However, please rest assured that your payment for Issue 4 does include an Ender’s world story, and it will be added to that issue as soon as it is written.

Additionally, in order to keep our commitment to quarterly issues, when the time comes to post each new issue, if the Ender story is not ready, we’ll go online without it and add it as soon as it’s available.”

Ultimately what this amounts to is two main things: 1) The obvious: The magazine will be released quarterly, whether Scott’s story is ready or not. I believe that in the long run this is what’s in the best interests of the magazine.

2) The less obvious: This will simplify the lives of the writers submitting to IGMS.

Here’s why. Though I’m current on reading 95% of the submissions, there are still a handful of folks who have been waiting a looong time for a reply. However, if you have not heard from me and your story was submitted more than 100 days ago, take heart: all that means is that I like your story and have been waiting to sort some of these publishing/scheduling matters out.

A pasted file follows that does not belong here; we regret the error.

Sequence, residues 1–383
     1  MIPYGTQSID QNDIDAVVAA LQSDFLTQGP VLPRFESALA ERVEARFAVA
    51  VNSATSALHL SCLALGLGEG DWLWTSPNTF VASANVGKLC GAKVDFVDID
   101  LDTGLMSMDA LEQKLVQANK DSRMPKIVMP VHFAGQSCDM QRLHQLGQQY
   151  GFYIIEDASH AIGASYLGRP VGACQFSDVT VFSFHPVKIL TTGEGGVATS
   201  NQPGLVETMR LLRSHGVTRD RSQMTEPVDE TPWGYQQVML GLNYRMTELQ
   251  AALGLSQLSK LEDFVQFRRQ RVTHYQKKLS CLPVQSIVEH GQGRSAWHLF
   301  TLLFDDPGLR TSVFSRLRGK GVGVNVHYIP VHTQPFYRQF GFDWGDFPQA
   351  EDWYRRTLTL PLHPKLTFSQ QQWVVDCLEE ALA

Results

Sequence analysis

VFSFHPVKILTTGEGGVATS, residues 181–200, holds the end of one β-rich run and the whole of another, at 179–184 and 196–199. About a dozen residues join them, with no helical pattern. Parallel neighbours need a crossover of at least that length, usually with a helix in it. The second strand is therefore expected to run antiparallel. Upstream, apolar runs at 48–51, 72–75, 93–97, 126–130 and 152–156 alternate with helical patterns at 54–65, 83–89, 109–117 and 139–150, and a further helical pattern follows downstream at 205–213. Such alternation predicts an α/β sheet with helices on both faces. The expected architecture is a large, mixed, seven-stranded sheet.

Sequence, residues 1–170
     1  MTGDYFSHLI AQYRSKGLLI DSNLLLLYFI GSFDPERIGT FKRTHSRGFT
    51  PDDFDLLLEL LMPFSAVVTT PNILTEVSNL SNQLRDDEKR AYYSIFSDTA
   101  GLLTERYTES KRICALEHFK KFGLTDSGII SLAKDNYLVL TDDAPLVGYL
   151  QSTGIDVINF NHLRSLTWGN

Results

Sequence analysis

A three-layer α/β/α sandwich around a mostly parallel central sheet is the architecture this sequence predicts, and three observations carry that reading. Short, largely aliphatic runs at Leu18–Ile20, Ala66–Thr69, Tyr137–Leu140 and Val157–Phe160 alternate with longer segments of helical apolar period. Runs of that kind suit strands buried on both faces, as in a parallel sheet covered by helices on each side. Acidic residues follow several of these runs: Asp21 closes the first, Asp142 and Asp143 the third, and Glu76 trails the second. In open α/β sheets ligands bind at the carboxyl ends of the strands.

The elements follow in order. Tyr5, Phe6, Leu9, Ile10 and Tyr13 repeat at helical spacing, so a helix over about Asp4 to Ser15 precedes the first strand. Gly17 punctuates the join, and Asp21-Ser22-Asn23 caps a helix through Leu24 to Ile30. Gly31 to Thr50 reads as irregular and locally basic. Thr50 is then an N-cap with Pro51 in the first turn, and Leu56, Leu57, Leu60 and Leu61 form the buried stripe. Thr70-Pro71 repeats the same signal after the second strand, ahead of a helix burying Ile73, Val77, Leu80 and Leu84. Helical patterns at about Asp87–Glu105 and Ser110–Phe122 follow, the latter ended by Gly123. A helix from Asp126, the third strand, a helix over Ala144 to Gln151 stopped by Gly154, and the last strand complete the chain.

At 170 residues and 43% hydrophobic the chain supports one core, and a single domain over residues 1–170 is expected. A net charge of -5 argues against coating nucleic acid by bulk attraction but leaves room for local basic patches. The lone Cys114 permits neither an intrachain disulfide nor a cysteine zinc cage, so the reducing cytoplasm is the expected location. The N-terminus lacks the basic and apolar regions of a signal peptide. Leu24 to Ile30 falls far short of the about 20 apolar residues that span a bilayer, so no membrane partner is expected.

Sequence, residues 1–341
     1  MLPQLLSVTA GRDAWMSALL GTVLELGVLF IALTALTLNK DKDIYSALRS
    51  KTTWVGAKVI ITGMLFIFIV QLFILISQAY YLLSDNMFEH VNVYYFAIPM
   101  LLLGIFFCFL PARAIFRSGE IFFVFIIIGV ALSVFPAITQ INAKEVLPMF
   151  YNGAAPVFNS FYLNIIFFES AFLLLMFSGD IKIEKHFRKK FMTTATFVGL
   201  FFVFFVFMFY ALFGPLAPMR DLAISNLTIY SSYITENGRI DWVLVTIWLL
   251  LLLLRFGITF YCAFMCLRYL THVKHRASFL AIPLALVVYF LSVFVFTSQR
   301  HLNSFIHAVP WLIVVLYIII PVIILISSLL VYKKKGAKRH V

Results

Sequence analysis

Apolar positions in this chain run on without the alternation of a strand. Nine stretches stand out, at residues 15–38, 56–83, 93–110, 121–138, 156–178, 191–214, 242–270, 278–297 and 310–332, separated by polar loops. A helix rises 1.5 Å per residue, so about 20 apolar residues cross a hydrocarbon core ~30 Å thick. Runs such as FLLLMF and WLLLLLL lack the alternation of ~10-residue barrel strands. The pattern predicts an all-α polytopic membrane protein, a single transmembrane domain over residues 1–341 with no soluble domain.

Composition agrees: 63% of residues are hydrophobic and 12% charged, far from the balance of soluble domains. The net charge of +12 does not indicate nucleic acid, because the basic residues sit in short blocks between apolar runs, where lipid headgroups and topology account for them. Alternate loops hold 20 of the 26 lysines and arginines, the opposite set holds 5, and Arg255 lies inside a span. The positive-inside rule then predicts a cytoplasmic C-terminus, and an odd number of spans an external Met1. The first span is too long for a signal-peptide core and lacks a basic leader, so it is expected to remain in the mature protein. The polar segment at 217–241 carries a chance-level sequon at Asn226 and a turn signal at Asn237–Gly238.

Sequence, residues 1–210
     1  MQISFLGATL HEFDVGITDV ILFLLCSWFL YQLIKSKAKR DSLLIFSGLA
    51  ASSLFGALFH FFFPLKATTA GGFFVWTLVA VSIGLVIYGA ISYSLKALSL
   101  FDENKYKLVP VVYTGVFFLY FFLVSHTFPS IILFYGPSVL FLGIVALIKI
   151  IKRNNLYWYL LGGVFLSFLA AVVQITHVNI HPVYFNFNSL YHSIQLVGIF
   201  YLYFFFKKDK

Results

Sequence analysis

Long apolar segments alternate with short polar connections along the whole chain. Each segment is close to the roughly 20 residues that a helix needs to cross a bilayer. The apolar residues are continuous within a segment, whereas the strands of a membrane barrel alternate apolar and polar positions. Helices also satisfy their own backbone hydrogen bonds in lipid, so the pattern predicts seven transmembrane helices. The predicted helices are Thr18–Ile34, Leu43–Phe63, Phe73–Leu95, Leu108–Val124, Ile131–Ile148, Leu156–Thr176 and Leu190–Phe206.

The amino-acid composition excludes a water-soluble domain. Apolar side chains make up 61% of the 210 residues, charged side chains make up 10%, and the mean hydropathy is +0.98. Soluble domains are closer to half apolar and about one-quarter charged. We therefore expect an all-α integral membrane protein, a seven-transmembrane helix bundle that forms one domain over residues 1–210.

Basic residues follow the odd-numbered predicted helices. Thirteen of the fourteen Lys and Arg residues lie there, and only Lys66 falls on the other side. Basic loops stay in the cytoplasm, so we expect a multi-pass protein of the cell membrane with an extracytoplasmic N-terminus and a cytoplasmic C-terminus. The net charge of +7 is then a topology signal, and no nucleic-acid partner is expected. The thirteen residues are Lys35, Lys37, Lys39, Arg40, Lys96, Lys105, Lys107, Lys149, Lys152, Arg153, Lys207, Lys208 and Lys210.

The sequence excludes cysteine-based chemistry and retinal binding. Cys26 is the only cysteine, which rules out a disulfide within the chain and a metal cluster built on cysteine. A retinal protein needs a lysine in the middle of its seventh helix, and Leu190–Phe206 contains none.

The reason for the delay is precisely because we were having trouble publishing issues on a regular basis. Previously Scott didn’t want to go forward with a new issue until his Ender story was published in the most recent issue. His first priority has to be the novels, screenplays, and other projects that produce income. IGMS pays professional rates to both the artists and authors whose works appear in each issue, as well as paying the regular columnists whose work appears for free. And right now most of that money is coming out of Scott’s pocket, so his paying work has to come first. Unfortunately that results in him not having time to write the Ender stories as punctually as he’d prefer. It’s quite the Catch-22 (at least as far as IGMS is concerned).

Getting back to my original point, I have been hesitant to buy too many stories because if I bought a year’s worth of stories based on a quarterly publishing schedule, but we continued publishing two issues a year instead of four (which has been the case thus far) – well…, I think the problem is obvious. Authors could be waiting as long as two to three years to see their stories published, and I didn’t want to do that to anyone. So I made, for better or worse, a conscious choice to sit on a few things for six months (until this issue was resolved), rather than risk making some folks wait several years.